It’s referred to as ‘text neck’ and with many expected to receive an electronic device for Christmas, ‘tis the season to remind users to take regular screen breaks.
Text neck is the term used to describe the neck pain and damage sustained from looking down at a mobile phone, tablet, or other wireless device too frequently and for too long.
‘Sympathetic dominance’ and ‘forward head carriage’ is, according to local allied health professionals, a universal problem among our texting, facebooking generation.
Warrnambool chiropractor Veronica Hughson said small changes needed to be implemented now to avoid longer-term health issues.
“We need to be more pro-active in getting kids to counteract the postural stresses involved in a texting position,” she said. “Otherwise we are in danger of a generation with permanent damage to the cervical spine and lifelong neck pain.”
Ms Hughson, who has worked in the industry for over 26 years, said cases of neck complaints had increased dramatically.
“In practice we are certainly seeing a greater number of young people with pain syndromes and general health repercussions due to chronic postural pressures.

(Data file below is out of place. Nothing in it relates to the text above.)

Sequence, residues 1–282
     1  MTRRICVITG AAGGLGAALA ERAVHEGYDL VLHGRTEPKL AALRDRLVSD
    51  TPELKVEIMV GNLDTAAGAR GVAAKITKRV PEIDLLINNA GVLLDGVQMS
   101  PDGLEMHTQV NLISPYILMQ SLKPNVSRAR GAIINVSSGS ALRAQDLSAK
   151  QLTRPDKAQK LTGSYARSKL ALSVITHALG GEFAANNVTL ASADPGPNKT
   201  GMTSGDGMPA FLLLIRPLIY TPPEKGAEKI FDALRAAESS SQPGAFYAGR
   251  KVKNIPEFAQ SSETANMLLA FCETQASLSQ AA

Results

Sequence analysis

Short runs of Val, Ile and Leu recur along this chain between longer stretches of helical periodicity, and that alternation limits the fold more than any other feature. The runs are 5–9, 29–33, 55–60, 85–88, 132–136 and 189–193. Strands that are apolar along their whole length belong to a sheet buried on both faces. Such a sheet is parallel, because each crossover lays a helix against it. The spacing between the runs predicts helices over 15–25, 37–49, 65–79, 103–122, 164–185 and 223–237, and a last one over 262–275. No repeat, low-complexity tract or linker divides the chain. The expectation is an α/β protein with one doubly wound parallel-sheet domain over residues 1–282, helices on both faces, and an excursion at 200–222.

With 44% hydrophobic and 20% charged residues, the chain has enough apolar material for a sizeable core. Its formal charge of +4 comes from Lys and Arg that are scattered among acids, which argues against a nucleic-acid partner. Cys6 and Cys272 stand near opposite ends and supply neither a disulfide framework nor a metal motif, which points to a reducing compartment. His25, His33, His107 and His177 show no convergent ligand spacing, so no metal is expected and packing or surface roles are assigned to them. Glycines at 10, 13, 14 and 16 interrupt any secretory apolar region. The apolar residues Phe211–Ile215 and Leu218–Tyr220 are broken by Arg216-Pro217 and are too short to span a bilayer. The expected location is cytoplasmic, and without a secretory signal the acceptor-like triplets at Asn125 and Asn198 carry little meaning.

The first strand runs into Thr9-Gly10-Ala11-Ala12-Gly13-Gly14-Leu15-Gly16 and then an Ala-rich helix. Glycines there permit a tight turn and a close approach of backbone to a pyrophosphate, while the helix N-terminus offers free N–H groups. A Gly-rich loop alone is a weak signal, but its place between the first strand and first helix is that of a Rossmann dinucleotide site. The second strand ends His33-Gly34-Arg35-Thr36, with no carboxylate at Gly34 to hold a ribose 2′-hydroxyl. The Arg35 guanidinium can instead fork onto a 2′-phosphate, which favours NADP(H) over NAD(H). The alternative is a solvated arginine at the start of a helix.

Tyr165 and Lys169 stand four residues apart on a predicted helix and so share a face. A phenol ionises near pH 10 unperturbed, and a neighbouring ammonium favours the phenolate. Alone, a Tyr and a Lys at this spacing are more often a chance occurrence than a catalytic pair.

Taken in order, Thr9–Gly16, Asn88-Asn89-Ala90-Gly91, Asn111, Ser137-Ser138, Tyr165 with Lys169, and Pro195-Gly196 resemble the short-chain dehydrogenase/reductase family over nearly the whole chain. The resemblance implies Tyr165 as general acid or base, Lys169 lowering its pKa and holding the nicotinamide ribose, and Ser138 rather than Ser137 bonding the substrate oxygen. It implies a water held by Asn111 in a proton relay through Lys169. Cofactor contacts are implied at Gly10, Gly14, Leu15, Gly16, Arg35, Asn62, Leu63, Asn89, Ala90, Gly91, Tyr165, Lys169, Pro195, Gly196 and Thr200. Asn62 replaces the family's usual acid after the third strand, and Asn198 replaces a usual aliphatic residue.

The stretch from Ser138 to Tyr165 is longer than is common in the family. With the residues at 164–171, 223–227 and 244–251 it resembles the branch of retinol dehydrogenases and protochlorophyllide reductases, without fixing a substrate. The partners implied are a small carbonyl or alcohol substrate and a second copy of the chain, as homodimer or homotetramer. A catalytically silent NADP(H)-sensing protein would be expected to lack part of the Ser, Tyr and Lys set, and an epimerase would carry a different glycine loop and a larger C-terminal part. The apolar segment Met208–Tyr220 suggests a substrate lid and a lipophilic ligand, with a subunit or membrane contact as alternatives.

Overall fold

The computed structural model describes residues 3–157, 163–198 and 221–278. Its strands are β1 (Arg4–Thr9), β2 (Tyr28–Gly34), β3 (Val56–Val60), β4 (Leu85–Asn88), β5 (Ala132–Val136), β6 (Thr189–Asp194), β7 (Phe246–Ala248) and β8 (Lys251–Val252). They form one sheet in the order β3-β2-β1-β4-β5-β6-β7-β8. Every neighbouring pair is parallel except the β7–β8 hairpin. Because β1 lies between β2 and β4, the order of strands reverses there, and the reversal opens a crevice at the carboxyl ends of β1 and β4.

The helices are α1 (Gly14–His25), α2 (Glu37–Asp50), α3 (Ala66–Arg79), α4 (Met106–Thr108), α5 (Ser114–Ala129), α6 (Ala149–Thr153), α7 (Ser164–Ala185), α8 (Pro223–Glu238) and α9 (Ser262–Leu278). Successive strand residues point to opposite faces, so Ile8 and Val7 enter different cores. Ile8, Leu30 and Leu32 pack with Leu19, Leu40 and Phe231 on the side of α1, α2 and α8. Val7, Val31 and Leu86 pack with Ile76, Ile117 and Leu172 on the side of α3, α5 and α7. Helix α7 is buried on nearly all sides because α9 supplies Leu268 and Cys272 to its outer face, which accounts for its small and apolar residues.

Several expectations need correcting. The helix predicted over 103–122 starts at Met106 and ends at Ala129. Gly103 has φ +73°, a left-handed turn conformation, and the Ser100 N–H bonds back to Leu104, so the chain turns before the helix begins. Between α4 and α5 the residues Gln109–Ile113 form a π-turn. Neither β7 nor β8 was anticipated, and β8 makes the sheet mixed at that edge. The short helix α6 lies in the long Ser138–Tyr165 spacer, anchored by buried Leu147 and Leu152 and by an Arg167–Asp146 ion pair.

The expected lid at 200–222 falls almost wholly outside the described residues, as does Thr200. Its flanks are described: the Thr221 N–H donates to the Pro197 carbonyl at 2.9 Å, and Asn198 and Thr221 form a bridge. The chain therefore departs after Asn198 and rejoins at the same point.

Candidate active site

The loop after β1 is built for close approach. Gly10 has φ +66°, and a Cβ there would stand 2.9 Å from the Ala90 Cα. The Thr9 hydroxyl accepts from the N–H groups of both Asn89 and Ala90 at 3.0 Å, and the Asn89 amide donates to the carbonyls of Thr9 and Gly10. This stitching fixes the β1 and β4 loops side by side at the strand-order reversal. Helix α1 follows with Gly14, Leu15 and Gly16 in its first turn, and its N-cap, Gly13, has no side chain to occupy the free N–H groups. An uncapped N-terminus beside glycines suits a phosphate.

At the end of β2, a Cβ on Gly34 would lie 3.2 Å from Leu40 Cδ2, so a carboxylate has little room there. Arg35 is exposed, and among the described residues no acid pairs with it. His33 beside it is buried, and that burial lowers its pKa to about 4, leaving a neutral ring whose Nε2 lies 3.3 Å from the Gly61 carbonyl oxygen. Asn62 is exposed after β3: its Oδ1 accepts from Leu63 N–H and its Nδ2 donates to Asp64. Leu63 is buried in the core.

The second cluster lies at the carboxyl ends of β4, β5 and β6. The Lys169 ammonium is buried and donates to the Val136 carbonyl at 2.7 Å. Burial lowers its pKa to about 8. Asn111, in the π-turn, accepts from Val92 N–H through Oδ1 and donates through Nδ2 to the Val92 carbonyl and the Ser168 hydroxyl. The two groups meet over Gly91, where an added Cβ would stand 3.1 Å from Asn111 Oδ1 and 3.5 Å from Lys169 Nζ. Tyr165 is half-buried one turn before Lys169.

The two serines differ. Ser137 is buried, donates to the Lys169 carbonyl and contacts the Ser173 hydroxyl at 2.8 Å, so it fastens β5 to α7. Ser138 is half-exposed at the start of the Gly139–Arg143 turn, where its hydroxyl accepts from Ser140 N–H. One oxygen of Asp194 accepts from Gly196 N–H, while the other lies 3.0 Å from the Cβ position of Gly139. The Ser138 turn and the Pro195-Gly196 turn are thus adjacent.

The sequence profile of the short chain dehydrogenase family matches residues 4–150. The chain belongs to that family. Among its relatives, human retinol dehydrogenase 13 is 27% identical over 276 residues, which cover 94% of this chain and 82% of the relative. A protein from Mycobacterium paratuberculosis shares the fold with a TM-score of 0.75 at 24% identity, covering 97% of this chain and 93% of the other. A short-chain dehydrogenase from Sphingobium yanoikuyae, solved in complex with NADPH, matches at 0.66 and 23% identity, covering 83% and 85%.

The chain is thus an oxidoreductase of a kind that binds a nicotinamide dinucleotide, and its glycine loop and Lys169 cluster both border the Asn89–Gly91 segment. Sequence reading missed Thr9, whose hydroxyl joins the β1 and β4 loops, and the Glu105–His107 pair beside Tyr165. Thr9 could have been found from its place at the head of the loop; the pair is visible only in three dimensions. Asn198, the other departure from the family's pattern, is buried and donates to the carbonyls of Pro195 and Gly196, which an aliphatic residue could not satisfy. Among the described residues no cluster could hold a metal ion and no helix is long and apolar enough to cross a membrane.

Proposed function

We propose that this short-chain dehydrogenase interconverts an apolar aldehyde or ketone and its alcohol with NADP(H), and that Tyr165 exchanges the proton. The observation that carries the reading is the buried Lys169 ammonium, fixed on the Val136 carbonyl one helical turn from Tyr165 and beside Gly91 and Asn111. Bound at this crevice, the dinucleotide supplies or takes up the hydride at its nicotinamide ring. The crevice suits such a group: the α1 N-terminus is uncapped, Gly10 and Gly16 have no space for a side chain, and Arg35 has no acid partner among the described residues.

“The concern with texting or screen time postures, is not just in relation to musculoskeletal health but also about how these stressed postures affect a range of health measures via postural affects on the central nervous system.”
Ms Hughson said exercises could counteract ‘text neck’.
“A simple idea is to use a foam posture roll and lie on it for 10 minutes a day and roll along the spine,” she said. “By having the shoulders back the head carriage can relax into a better postural state and counteract the forward head position.”
Warrnambool physiotherapist Toby Pettigrew agreed ‘text neck’ was a legitimate complaint.
“There are loads of studies that link chronic neck pain with poor posture,” he said. “Every centimetre the neck is off the body’s mid-line , the head increases in weight and you need more muscle strength to hold it.
“We’re seeing so much more than 15 years ago,” he said. “We need to be posture aware.”